Make a list of your differing expectations: Do you differ on how much screen time the kids get? Whether to take them out of school for long weekends? To demand A’s or accept C’s? Talk them through with each other, then with your teens to try to strike a balance.

“It is also important to remember that doing well in school is but one metric of success we generally hope for our children,” says Wallace. “Don’t get hung up on whether this assignment was handed in, or who studies with the TV on. What matters most is daily face-to-face conversation. I call it ’serve and return’ parenting that allows teens time and space to talk with you and surface things that may be bothering them.”

To get a broader perspective, Wallace suggests three books:

– “Teach Your Children Well” by Madeleine Levine (Harper Perennial, 2013). Levine’s view is that “while we all hope that our children will do well in school, we hope with even greater fervor that they will do well in life. Our job is to help them … be resilient in the face of adversity, to approach the world with zest … and to hold a deep belief that they have something meaningful to contribute to the world.”

– “Love That Boy: What Two Presidents, Eight Road Trips, and My Son Taught Me About a Parent’s Expectations” by Ron Fournier (Harmony Books, 2016). The author identifies distinct styles of parenting: indulgent, authoritarian, authoritative and uninvolved. “Each differs in the extent to which it is ‘demanding’ and ‘responsive,’” says Wallace. “Authoritative parents tend to fare best in eliciting the types of behavior they seek because they are clear about their expectations, but also engage their children in dialogue so that they can understand the rationale behind the rules.”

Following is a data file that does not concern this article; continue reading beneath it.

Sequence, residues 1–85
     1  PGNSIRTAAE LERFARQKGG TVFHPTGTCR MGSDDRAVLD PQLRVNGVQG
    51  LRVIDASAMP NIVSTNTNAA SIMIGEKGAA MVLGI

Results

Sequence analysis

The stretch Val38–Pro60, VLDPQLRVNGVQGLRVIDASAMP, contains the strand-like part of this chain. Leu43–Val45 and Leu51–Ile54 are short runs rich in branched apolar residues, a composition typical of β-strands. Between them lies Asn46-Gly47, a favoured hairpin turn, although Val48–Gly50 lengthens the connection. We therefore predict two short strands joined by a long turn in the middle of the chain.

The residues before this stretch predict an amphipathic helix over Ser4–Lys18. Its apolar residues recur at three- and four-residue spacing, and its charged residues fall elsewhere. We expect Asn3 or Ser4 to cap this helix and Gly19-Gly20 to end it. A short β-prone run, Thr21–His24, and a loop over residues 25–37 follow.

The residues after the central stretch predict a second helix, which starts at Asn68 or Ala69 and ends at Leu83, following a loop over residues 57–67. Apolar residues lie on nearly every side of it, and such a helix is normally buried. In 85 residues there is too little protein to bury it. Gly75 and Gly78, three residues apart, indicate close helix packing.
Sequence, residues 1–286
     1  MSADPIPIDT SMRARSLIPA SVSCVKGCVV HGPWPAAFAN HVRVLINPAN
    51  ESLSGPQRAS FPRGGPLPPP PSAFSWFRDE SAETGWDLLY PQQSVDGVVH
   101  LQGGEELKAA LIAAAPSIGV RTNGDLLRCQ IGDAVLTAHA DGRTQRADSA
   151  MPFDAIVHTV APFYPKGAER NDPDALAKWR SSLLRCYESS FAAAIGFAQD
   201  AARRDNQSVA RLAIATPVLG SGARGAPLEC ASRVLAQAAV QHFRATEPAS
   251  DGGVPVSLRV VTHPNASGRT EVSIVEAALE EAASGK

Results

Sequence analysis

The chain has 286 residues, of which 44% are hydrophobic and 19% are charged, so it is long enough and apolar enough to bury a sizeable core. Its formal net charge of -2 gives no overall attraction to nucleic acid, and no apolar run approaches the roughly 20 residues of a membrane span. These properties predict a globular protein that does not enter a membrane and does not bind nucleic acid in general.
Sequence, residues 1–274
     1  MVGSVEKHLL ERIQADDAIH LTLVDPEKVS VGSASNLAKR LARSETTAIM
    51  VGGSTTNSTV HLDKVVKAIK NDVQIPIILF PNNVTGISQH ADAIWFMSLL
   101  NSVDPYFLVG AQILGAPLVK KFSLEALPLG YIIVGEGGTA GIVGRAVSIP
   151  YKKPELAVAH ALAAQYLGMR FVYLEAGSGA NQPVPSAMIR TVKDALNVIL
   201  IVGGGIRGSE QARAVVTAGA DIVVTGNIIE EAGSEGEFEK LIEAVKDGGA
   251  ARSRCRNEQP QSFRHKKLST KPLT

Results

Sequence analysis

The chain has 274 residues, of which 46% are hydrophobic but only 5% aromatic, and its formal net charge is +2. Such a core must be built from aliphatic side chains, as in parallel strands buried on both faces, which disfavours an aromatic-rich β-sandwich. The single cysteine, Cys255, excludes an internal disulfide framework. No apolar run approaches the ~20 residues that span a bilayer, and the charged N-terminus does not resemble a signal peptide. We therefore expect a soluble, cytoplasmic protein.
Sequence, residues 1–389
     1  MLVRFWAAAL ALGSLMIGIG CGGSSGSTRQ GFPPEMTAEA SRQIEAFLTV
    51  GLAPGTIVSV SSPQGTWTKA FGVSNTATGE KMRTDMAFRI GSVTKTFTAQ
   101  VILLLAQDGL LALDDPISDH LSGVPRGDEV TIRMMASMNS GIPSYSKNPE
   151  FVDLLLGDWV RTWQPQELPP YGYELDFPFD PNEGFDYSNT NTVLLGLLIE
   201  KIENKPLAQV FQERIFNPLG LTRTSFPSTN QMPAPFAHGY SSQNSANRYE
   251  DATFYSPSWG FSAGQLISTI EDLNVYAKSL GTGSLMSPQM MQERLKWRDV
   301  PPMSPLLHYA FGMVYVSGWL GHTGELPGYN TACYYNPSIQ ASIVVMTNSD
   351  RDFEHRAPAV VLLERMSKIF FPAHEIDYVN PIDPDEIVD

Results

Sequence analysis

– “Age of Opportunity: Lessons from the New Science of Adolescence” by Laurence Steinberg (Mariner Books, 2015). The book spells out clearly the new research on how adolescent brains work and suggests ways to instill self-control and responsibility during teenage years.

You might ask your pediatrician to direct you to a family therapist or marriage counselor who can help sort out differing expectations, says Wallace.

“A couple I know took this route with their blended family of eight,” he explains. “The parents learned techniques to steer the new ’ship.’ While it took longer for the kids to get on board, they did and are all successfully launched in their adult lives now.”

My 20-year-old niece, a college student, will take care of our girls this summer. They’re going into fifth and sixth grade. I want them to have fun and practice a few academic skills, so they don’t forget what they learned this year. Do you have any suggestions?

You’re smart to want to keep their skills sharp. Summer learning loss is real for many students. The trick is to integrate their newly learned skills into daily life, says Bill Laraway, who was recognized as the 2015 Teacher of the Year in the Evergreen Unified School District in San Jose, California.

“Don’t buy a bunch of workbooks,” he explains. “Let the girls practice in concrete ways.”

Take advantage of everyday projects such as buying a new fan during a heat spell. Have them research prices and models. Or plan something unique, such as starting a family blog.

Use four teaching principles, says Laraway:

– Demonstrate problem-solving steps. “Fifth- and sixth-grade math is full of common multiple-step problems that adults solve automatically each day,” he says. “Students need to learn them. For example, say you’re thinking of carpeting a room. Walk the girls through each step by probing and discussing: How can we figure out how much carpet we need? What is the best way to measure? How is carpet sold? Does choosing a pattern change the amount we need? And so on.